Me: "Hi. This is Daniel."
Client: "Yes I was wondering how much your unlimited a month is at Franklin Strength?"
Me: "We don't offer an unlimited a month"
Client: "You don't??!! Why not?"
Me: "We believe our 'classes' serve as a supplement to your current training program, not a replacement. Do you currently follow a training program or regimen?"
That is how most calls go when I pick up the phone at Franklin Strength. Now, I am in no way saying exercising is bad for you. But with that said....... Some of it is. When any one walks through my doors for the first time I immediately ask them, "What are your goals?" Every single person has a goal. Whether they want to look good, get stronger, get faster, be healthy, or be able to do 100 push-ups without stopping. Those are all goals. Now people might share a common goal. For example: wanting to build muscle while getting leaner (basically they want to look like the guy or girl on the cover of a magazine). But what that person has to do to reach that goal will be completely different than the next person. BINGO! Now we are getting to the point of this post. See, when a person exercises, they might have the goal to be leaner and build muscle.... but going into your local boot camp everyday might not be the best route for you to reach that goal. This is because you are doing the exact same thing as the person next to you, who might already be lean or might be way out of shape. And also following directions from a "coach" that rolls dice to choose the EXERCISES for the day! Exercising is the act of moving around while thinking that what you are doing for your body is good. Training is working towards a goal. Every time a pro boxer is getting ready for a fight, they call it their "training camp" not their "exercising camp". Training always has an end goal or end result. Exercising has no plan and is basically random with hopes for the best. Some people might enjoy just going and exercising, and there is nothing wrong with that. I myself do not enjoy it. I don't enjoy training. I enjoy reaching a goal and accomplishing what I set out to do. So with all that said, I personally can't imagine going and killing myself in a workout and that being my only accomplishment. If that was the case I would push my car to work rather than drive it just because it hurts. HAVE A PLAN! What I am going to do now is list the top five things you should be doing whether you're training or just exercising.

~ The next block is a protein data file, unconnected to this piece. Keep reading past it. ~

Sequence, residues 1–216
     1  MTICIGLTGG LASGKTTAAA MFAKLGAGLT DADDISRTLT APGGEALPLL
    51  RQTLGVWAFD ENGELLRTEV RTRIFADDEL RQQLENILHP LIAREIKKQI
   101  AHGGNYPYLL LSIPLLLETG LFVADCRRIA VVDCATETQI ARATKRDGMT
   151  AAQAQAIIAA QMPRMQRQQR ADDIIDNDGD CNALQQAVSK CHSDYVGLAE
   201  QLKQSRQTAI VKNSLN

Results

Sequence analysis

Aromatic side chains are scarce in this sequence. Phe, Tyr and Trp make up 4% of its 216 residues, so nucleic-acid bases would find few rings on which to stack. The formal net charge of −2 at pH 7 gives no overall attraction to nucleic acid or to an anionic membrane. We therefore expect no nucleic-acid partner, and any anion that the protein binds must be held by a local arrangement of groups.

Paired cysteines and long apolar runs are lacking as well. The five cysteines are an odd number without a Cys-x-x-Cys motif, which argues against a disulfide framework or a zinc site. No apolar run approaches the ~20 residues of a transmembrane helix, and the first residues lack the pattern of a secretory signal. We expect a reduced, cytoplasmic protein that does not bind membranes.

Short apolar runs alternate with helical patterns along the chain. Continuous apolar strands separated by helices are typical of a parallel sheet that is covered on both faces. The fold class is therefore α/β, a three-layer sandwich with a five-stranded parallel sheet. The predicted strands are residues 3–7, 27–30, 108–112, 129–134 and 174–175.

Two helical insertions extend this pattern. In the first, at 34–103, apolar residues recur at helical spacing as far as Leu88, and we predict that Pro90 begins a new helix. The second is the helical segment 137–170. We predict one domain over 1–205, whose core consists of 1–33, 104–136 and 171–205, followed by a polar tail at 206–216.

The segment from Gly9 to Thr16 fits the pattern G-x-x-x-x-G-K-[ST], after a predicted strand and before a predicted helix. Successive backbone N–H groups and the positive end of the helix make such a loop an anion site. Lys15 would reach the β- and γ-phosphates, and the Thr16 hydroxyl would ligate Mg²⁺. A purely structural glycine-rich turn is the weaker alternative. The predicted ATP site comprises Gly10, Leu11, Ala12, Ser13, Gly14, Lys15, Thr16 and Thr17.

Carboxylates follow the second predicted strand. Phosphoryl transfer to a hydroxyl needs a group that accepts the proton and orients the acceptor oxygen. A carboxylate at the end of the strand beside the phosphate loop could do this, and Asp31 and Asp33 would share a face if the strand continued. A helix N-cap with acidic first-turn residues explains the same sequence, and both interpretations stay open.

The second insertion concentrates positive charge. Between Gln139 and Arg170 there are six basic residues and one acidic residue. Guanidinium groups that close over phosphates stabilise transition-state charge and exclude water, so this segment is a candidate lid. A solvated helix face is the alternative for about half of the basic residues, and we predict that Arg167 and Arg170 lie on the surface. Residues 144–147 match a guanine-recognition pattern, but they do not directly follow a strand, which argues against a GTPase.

1. HAVE A GOAL. AND MAKE SURE WHAT YOU'RE DOING COINCIDES WITH THAT GOAL.
2. KEEP A JOURNAL WITH NOTES OF ALL OF YOUR WORKOUTS AND PREFERABLY YOUR NUTRITION. How do you know where you're going if you don't know where you have been?
3. PLAN YOUR WORKOUTS AHEAD OF TIME. Preferably 3 to 4 weeks in advance. I am firm believer you need to stick with something for at least 3 weeks before you switch it up.
4. TAKE MUSCLE CONFUSION WITH A GRAIN OF SALT. Just because some people randomly roll dice to figure out what they are exercising doesn't mean you should. And on that note, a lot of people call that "programming?". We are not computers. You program a computer and YOU TRAIN AN ANIMAL. Muscle Confusion doesn't mean every day do something completely different. See, your body doesn't speak English, so a squat and a "thruster" both use your quads. A push up and a shoulder press both use your shoulders. And all of them use your heart (which is a muscle). So the real definition of muscle confusion is... when following a program you will find a spot when you plateau, which is totally normal. What you do then is look back at your notes, see what you could change, check you food to see how that's going. If everything has been very consistent then it might be time to switch up your routine. This usually happens to seasoned lifters every 8 to 12 weeks. As for beginners... they can follow the same routine for a longer length of time and still continue making gains. My rule is when you plateau switch it up.